In this political and socio-economic landscape, heavily punctured with crises, JD Lovrenciear wonders how long Malaysia can take these beatings.
From whichever vantage point you choose to examine the current state of Malaysia, you have every reason to worry and ask patriotically inspired questions.
The 1MDB saga has not eased since 2015.
Muslim and non-Muslim issues arising from pending court cases and battles between Sharia and civil jurisprudence are like still waters running deep in the country.
Further, religious and racial sensitivities have been quietly escalating as politicians see it as their currency for supremacy. Even the recent Chinese New Year ‘dog year’ issue is an indication of the degree of vulnerabilities prevailing in the background.
Inflation is galloping like a wild horse on the run, fodder for increased debate by both sides of the political divide. But just ask wage-earners and they will tell you stories about the stressful realities of juggling finances.
Corruption is now a hide-and-seek game. While the opposition is coming up with exposes which it highlights to the public, government institutions are also investigating an endless stream of allegations implicating opposition leaders.
Legal suits and counter-suits have been filed. Pending appeals are piling up to the point where no one now remembers or can gauge the pressure on the judiciary.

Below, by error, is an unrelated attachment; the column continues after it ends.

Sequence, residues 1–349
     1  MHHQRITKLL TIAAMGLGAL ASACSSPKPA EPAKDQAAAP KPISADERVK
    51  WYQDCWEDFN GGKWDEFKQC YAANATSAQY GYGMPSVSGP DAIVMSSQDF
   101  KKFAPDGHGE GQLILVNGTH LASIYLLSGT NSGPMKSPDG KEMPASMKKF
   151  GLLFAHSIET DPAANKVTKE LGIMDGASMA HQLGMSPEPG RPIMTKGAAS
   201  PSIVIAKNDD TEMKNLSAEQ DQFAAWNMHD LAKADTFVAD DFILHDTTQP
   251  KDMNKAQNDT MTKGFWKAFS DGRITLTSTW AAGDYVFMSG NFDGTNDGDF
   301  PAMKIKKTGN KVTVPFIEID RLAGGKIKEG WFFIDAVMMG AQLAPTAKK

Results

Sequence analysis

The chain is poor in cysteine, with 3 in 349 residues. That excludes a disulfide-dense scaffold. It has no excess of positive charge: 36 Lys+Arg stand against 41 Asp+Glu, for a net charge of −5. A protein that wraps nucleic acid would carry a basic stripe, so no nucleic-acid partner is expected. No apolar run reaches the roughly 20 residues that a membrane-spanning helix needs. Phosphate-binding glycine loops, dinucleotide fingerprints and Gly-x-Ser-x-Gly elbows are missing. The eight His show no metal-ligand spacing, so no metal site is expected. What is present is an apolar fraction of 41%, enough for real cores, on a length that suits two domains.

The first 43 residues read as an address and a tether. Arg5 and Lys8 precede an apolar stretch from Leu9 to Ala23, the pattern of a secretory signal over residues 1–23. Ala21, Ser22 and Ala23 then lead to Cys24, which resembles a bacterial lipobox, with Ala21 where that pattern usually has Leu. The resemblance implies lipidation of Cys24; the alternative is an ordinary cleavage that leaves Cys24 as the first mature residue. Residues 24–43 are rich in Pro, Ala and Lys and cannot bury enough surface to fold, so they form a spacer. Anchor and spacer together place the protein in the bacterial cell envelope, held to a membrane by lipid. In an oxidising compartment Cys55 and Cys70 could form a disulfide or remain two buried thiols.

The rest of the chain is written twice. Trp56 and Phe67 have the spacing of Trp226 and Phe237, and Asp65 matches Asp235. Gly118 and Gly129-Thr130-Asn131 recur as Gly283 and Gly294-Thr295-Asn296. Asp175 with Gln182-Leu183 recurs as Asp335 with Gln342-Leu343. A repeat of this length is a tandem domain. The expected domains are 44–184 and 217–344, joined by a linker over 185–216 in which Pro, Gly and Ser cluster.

The foreign media are reporting on a volley of questionable financial transactions and stakes arising from Malaysian indulgences in foreign lands. But what is unfathomable is that the government has not yet taken pains to prove that these reports are an attack on the sovereignty of an independent, developing nation.
Even as a general election looms, the mystery shrouding its actual date has added to the uncertainty, much to the discomfort of local and foreign investors.
The attacks and counter-attacks, traded between and even within political coalitions, are sending a confusing array of messages to citizens.
The quest to put in more oppressive laws is further worrying the people, who were born into a country that was supposed to be independent, free and democratic.
The stories of communist China’s presence on these shores and in the wide open seas surrounding Malaysia have raised many questions – with hardly any convincing answers to allay fears and doubts.
In this political and socio-economic economic landscape, heavily punctured with crises, one must ask, how long can Malaysia take these beatings?
Surely, given the geopolitical and global economic threats that have already affected many other nations across the world, Malaysia cannot pretend that all is cosy and fair in these shores.
Looming over these perilous circumstances is the ‘mother of all battles’: the 60-year-old ruling coalition appears to be under siege going by the numerous foot-loose knee-jerk reactions and retaliations being traded on a daily basis in Malaysia.
How Malaysia will pull through is a concern close to the hearts and minds of true patriots of this land.
JD Lovrenciear is a retired professional who actively follows current affairs.